Tempted by an Apple: Europe’s Fall from Grace on Retroactive Taxation

Joanna Diane Caytas

JD Candidate, Columbia Law School 2017

The post-2008 public debt crisis alerted the Eurozone – and Europe as a whole – to its dangerous love affair with the outdated notion that states cannot go bankrupt and therefore can take on quasi-unlimited levels of debt. Greece and Cyprus called this bluff in 2012-13 with dramatic consequences. Ever since, the continent has been in search of ways and means to bring under control unsustainable levels of sovereign borrowings that cannot be passed on to the banking and financial sector without laying the foundation for equally expensive bailouts. Just as predictably, banks and other financial institutions have been caught between the rock of core capital requirements and the hard place of sometimes legislatively mandated government pressure to invest in government debt, and ceased significant lending altogether. This predicament has developed in tandem with an increasingly shrill public debate about favoritism towards banks at the expense of taxpayers. With OECD judging European debt levels to be  an even higher security risk to global economic growth and prosperity than the U.S. national debt, Europe now suffers political exposure to the consequences of public realization of half a century of reckless deficit spending to sustain the Potemkin village of a comprehensive welfare state.

As is characteristic for politicians in a pickle that is unresolvable within existing frameworks, consensus was promptly reached that, in order to maintain the spending end of the tax-and-spend prescription, revenue needed to be increased by orders of magnitude. Given political realities, it became clear that squeezing the middle class any further was not a viable proposition. So, a widely known yet little publicized fact was discovered by leaks and revelations in an international financial scandal seeking to expose OECD’s perennial nemesis, offshore financial centers: preferential advance tax rulings by minor European jurisdictions such as Switzerland, Luxembourg and several others seeking to position themselves as European domiciles for major global corporations seeking to minimize overall tax exposure. Of course, tax rulings are commonly used and applied across the EU, just with less competitive effect. But having established awareness in the public consciousness that corporate citizens are “not paying their fair share,” the EU sought to position itself further as a driving force within OECD’s attempts since 1998 at uniform taxation in order to eliminate “harmful tax competition.” The EU realized that, in light of its Member States’ fiscal autonomy, there was simply no way to force them into abandoning tax competition. Or was there? Indeed there was – although it required amazing acrobatics by applying Law and Economics to taxation in entirely unprecedented ways: by calling lower taxes “state aid” that distorts competition and is unlawful under Art. 107 (1) TFEU.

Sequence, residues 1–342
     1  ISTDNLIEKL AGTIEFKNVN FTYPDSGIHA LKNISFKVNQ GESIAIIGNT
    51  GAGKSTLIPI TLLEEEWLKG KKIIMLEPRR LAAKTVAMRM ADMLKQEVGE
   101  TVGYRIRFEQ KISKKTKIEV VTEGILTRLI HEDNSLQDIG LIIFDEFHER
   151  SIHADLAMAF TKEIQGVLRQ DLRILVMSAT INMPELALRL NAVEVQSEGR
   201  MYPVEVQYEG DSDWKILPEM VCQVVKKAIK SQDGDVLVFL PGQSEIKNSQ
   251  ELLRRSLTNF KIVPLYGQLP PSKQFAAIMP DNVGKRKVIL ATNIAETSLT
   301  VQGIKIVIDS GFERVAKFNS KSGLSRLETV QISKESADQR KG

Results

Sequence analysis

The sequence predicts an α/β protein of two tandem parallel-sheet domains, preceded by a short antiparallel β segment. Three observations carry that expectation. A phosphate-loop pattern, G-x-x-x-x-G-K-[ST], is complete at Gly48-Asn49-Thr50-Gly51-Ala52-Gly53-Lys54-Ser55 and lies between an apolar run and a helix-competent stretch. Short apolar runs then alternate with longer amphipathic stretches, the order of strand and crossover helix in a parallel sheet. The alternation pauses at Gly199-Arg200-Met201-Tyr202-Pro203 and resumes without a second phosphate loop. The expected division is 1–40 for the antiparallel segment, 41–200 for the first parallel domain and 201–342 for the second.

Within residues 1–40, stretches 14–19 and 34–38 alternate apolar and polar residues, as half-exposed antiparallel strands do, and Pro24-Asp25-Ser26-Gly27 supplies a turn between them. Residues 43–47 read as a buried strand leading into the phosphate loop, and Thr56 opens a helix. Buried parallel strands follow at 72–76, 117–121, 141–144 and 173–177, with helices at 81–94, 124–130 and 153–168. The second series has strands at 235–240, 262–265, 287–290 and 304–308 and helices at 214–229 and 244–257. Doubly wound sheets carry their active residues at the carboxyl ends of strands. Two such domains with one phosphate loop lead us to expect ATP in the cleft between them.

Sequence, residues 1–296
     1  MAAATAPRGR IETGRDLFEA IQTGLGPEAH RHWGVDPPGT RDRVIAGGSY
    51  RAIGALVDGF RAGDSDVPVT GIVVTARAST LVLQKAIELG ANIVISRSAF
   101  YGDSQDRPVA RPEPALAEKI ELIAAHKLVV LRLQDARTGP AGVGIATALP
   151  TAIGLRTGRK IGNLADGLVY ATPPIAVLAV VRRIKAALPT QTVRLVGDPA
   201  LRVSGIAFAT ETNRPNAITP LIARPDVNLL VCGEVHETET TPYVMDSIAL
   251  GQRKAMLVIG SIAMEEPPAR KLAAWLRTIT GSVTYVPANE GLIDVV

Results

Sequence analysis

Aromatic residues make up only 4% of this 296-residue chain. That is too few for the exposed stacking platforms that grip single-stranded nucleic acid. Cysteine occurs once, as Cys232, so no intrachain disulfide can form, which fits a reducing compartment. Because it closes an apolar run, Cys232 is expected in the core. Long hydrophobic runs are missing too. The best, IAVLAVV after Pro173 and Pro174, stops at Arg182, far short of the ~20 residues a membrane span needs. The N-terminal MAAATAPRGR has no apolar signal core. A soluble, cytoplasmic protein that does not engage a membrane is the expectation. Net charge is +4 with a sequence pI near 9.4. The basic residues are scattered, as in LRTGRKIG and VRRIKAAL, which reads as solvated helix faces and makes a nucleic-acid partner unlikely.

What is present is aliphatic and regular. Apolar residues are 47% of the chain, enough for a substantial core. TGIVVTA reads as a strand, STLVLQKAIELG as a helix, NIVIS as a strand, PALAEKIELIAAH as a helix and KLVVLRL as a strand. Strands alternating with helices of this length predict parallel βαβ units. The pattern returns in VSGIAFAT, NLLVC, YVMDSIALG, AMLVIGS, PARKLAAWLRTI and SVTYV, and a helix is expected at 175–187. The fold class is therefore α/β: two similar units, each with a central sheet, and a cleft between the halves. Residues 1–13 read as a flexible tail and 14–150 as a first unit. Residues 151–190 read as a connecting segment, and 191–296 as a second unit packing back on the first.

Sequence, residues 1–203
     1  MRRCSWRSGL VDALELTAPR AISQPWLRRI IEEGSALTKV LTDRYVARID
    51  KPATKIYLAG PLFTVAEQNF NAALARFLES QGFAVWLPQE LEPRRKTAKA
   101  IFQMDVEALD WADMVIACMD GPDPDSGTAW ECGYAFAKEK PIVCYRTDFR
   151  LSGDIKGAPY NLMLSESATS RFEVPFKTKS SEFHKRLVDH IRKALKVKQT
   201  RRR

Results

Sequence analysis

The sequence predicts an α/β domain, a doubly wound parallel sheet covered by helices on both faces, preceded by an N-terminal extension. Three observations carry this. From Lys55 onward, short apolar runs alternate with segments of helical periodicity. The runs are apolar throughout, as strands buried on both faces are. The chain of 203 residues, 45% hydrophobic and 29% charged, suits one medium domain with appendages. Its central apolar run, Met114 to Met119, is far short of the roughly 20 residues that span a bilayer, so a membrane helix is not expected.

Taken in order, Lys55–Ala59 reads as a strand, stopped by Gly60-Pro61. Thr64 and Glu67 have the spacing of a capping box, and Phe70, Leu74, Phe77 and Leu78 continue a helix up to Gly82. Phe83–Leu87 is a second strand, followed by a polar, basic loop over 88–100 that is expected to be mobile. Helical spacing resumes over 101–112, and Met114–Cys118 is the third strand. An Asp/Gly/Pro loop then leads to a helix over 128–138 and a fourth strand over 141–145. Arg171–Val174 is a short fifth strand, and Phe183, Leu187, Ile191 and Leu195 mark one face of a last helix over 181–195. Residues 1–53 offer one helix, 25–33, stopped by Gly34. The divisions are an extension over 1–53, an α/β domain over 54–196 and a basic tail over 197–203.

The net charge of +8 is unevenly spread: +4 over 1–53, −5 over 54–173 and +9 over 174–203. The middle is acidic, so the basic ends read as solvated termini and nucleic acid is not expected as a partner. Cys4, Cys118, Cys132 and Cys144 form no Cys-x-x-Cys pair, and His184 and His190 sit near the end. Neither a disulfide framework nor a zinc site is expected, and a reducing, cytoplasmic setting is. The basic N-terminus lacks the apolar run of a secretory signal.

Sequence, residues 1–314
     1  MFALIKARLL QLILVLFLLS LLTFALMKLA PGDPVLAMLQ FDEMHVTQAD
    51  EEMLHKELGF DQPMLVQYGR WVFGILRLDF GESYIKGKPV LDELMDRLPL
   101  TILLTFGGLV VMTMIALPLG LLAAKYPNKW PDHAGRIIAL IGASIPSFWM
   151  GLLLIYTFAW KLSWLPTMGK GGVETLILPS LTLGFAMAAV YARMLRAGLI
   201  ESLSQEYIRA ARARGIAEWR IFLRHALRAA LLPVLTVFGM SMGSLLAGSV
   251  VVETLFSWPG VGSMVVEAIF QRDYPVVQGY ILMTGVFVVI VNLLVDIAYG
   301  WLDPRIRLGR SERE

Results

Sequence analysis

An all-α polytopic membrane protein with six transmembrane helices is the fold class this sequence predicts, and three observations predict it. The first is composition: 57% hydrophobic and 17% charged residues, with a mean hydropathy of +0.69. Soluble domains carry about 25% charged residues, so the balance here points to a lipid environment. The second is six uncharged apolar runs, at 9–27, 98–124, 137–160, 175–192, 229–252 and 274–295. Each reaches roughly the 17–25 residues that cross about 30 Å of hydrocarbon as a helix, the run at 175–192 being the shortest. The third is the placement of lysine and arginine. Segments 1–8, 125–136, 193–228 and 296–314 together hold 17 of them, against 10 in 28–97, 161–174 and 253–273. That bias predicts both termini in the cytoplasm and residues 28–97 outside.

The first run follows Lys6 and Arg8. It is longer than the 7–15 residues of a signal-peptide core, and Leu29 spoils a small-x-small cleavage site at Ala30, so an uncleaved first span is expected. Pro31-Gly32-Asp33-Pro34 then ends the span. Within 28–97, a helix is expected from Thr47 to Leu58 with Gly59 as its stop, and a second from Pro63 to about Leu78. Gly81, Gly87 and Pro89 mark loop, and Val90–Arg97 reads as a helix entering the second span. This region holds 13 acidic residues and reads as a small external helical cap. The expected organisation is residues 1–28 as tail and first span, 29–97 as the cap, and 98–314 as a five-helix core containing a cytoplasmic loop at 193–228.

Since media allegations surfaced about favorable tax treatment of certain companies by way of advance tax ruling practices of individual Member States, the European Commission’s Directorate General for Competition, most recently under Commissioner Margarethe Vestager, has been investigating those practices since 2013 as an abuse of rights. In the three years since, the Commission has investigated Fiat, Starbucks, the Belgian excess profit exemption and Apple, started two further investigations of Amazon and McDonalds, and is likely to open additional proceedings in the imminent future.